• Agent fees: All fees an actor pays to an agent
  • Manager fees: Talent manager fees
  • Office expenses: An outside or home office used exclusively for an acting business
  • Property and supplies used for acting: The cost of video cameras, sound equipment, digital cameras, theater and film books, musical scores, computers, phones, etc.
  • Union dues: Dues to belong to Actors’ Equity or other unions or organizations
  • Education: Acting classes and coaching lessons
  • Promotional expenses: Photos, videos, websites, listings in professional registries, advertisements in trade publications, business cards, and other promotional expenses
  • Makeup and hair care: Deductible only when incurred directly in connection with a specific job
  • Wardrobe: The cost of any clothing not suitable for streetwear. For example, the cost of a modern business suit isn’t deductible, but an ape costume is.
  • Subscriptions: The cost of magazine, journal, newsletter, and other subscriptions useful for your acting business; for example, a Backstage subscription and membership
  • Legal and professional services: Fees paid to attorneys, accountants, consultants, and other professionals
  • Tickets for viewing films and plays: Actors need to attend plays and films to keep up with what’s going on in their industry. They may also subscribe to services like Netflix and HBO. These costs are deductible as research

Below are more defined examples of deductible expenses that may apply to you:

  • travel expenses to and from auditions, rehearsals, classes, and performances (i.e., subway fares, plane tickets, car mileage, etc.)
  • vehicle expenses (gas, repairs, insurance, etc.)
  • acting, voice, and dance classes
  • workshops and seminars
  • costumes used only for business (including dry-cleaning expenses)
  • makeup, hair, and nails (initial charge is deductible, maintenance costs are not)
  • show and concert tickets
  • DVDs and videos
  • union dues
  • theater company dues
  • commissions paid to agents
  • legal and professional fees
  • acting books and magazines (trade publications)
  • headshots (including photographer fees)
  • résumé (printing costs)
  • mailing expenses
  • office expenses
  • equipment
  • home office or studio
  • business use of cellphone, internet, or cable (primary phone is not deductible)
  • online submission costs
  • food you buy while an Equity or SAG-AFTRA actor is giving you career advice

As you can see, actors can claim many deductions the average person cannot, and receipts are a vital part of those deductions. While you don’t need to send receipts when you file your return, they do come in handy when adding up your expenses, and they’re extremely vital if you’re ever audited. If your tax return shows too many deductions that can’t be substantiated, not only will those deductions be denied, the IRS just might impose the accuracy-related penalty—a 20 percent penalty for purposefully understating your income, which can be in the form of overstating deductions.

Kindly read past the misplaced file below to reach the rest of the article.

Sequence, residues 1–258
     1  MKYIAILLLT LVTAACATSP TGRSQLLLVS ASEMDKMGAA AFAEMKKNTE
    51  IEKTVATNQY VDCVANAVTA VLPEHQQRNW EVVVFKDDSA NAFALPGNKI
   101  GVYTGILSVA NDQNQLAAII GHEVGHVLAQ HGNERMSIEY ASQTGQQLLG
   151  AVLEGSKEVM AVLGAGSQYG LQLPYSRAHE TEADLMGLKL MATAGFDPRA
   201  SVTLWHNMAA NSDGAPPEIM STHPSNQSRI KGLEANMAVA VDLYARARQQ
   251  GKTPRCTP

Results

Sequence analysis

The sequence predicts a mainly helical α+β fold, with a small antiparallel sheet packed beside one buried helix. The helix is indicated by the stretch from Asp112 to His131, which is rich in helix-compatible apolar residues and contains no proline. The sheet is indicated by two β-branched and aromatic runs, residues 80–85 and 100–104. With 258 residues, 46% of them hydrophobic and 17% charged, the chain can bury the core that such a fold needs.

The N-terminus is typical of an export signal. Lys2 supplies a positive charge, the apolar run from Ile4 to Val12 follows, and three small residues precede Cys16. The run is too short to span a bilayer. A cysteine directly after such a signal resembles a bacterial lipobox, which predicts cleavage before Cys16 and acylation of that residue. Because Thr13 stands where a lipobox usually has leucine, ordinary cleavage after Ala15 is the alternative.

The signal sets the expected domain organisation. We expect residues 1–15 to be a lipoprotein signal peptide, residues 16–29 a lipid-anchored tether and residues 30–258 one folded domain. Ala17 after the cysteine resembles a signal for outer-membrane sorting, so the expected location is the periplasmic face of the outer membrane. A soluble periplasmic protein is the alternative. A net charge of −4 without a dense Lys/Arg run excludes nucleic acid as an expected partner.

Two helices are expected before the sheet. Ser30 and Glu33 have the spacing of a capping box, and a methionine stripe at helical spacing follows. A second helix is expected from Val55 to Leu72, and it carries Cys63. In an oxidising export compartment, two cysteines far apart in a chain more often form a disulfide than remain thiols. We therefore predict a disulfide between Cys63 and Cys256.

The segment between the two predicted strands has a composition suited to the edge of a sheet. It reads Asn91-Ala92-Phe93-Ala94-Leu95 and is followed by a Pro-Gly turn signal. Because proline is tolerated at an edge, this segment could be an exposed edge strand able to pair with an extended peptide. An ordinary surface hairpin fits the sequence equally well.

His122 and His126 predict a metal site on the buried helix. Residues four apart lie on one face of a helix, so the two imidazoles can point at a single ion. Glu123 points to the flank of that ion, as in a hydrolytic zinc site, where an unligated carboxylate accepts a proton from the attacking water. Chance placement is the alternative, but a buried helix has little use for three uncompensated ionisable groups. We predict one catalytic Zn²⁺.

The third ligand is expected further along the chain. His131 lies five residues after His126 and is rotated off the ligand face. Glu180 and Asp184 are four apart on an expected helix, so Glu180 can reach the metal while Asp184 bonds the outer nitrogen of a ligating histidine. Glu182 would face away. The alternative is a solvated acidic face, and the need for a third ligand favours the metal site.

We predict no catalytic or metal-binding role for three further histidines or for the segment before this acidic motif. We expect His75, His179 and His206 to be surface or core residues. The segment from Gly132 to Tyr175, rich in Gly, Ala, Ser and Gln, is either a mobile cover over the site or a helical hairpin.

As many have abused these deductions, the IRS scrutinizes returns filed by Schedule C filers, especially actors. Err on the side of caution: If you don’t have a receipt to substantiate a deduction, don’t claim it.

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What's an audit?

An audit is a review/examination of an organization’s or individual’s accounts and financial information to ensure it is reported correctly. The IRS conducts four main types of audits, and each one of is handled differently:

1. Correspondence Audit

The most common and simplest of the IRS audits. The IRS sends you a letter in the mail requesting answers to specific questions or needed clarifications related to your tax returns. You’ll likely have to perform a correction of your tax return that may result in paying more money or receiving a refund for an accounting error. Either way, the correspondence letter will state the reason for the inquiry and often offer a simple resolution via an exchange of papers.

If you have data or receipts to back up specific claims, this is the time to send them in to help make your case. This type of audit is usually solved quickly once all the information has been collected. Be sure to keep copies of all correspondence in case anything comes into question again in the future.

2. Office Audit

If the IRS has questions about your return that extend beyond the normal correspondence letter, you’ll receive an invitation for an in-person audit meeting at one of their local offices. This type of audit is a bit more serious than a correspondence audit and requires more of your time. However, an office audit is usually completed within one day, since most information will be supplied on demand, and you’ll have time to supply any additional information that's requested.

3. Field Audit